Disappointingly, however, while Langer provided these detailed results and explained their significance to future studies, he didn't look at his own study's flaws or restrictions. One restriction that Langer must have acknowledged had not been only the small sample size, but the small scope of the geographic location of the study. All participants were part of a sample of Columbia College or university in New York City. While it can be done and probable that courses like the one Langer used for his focus can be found in other schools in other says and even in other countries, every population has factors that must definitely be taken into consideration. For example, New York City is urban character. Would these results be the same if the course is at a college or university in Western world Virginia? Are students in the north USA statistically not the same as their peers in other areas of the united states? While this might not have any bearing on the conclusions, the demographics do cause a potential restriction that Langer should have addressed.

Finally, while Langer do reproduce some results from past findings, such as, "learning publications can improve knowledge for students" (2002, p. 349), he focused instead on possible discrepancies, notably the low rate of critical research in this sample of non-traditional learner journals. Langer described some possible known reasons for this discrepancy such as the professor's potential insufficient instruction or insufficient understanding by the university student. However, nowhere have Langer consider that the likelihood would be that the sample size provided a restricted scope to allow for this comparability.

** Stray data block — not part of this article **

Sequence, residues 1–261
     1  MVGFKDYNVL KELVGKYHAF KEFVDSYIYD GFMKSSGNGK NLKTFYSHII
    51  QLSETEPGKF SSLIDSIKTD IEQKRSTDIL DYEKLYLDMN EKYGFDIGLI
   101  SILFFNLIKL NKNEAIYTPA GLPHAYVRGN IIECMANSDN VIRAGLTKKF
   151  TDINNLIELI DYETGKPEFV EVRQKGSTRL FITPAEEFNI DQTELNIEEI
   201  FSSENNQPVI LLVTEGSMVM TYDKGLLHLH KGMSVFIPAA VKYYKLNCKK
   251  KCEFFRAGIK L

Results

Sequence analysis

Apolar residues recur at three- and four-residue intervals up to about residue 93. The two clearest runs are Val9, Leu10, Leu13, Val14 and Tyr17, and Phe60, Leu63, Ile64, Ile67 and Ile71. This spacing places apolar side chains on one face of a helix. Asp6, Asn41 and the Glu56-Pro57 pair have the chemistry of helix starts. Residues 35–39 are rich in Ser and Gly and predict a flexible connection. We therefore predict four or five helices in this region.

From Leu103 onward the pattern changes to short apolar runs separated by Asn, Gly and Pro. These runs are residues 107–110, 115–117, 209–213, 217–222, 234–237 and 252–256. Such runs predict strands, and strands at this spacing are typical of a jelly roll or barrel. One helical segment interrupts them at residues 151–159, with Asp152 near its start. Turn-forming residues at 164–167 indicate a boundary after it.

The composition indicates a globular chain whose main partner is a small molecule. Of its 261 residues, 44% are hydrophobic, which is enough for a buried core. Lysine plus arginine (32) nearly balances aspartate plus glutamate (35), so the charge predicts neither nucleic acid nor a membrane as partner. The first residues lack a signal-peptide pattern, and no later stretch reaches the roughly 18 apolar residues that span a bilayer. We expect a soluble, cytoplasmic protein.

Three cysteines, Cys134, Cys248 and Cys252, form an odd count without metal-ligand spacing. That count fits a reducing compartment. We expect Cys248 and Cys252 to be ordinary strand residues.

Although Arthur Langer's research should have tone of voice in the dialogue on reflective learning through journals, his insufficient justification for the scope of his research kept this researcher to question the importance this study has in relation to others of its kind. Langer is a researcher whose group allowed for easy understanding of his thought process, however, he failed to explain the importance of his concentrate on non-traditional students, seemingly ignored the actual boundaries of his sample, did not explain in depth his instrument of preference for evaluating publications and regrettably did not mention any of this studies possible constraints in his explanation of conclusions. This researcher has learned not only the value of the topic of learning publications through Langer's comprehensive research and review, but also the value of describing and justifying the scope of the analysis being shown. If this researcher hope to create studies that endure future scrutiny and invite for others to check the validity of the quarrels presented, additionally it is important to evidently explain the device used in the research undertaking. Finally, it is humbling to notice that no subject the precision of research and application of technique, all research inherently comes with researcher biases and limitations. It is wise to keep in mind this, lest the analysis be dismissed as unreliable or unrealistic for lack of acknowledging these restrictions.